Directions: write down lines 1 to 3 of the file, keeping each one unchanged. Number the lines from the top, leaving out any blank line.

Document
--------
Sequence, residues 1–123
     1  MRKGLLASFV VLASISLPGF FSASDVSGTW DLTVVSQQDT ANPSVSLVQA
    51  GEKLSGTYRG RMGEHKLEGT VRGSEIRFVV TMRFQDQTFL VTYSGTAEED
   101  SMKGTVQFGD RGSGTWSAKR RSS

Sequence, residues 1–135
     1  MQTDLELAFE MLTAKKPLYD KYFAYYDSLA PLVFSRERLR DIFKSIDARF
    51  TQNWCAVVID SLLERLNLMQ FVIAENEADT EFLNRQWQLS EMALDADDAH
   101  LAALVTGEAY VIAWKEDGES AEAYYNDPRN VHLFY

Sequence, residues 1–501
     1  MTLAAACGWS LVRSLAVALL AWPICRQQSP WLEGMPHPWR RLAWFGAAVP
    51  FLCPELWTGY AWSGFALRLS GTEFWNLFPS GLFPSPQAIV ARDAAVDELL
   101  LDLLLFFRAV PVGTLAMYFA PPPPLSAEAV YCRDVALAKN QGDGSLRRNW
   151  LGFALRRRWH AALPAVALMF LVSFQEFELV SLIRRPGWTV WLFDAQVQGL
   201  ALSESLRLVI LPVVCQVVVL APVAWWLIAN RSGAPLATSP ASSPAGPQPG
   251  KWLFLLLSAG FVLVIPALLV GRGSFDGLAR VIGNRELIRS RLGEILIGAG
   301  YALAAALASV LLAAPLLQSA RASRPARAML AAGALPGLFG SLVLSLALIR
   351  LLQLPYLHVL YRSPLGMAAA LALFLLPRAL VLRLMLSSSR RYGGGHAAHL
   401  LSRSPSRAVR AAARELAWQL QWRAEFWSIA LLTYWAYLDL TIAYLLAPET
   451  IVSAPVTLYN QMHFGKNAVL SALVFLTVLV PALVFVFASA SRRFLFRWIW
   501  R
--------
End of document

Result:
Sequence, residues 1–123
     1  MRKGLLASFV VLASISLPGF FSASDVSGTW DLTVVSQQDT ANPSVSLVQA
    51  GEKLSGTYRG RMGEHKLEGT VRGSEIRFVV TMRFQDQTFL VTYSGTAEED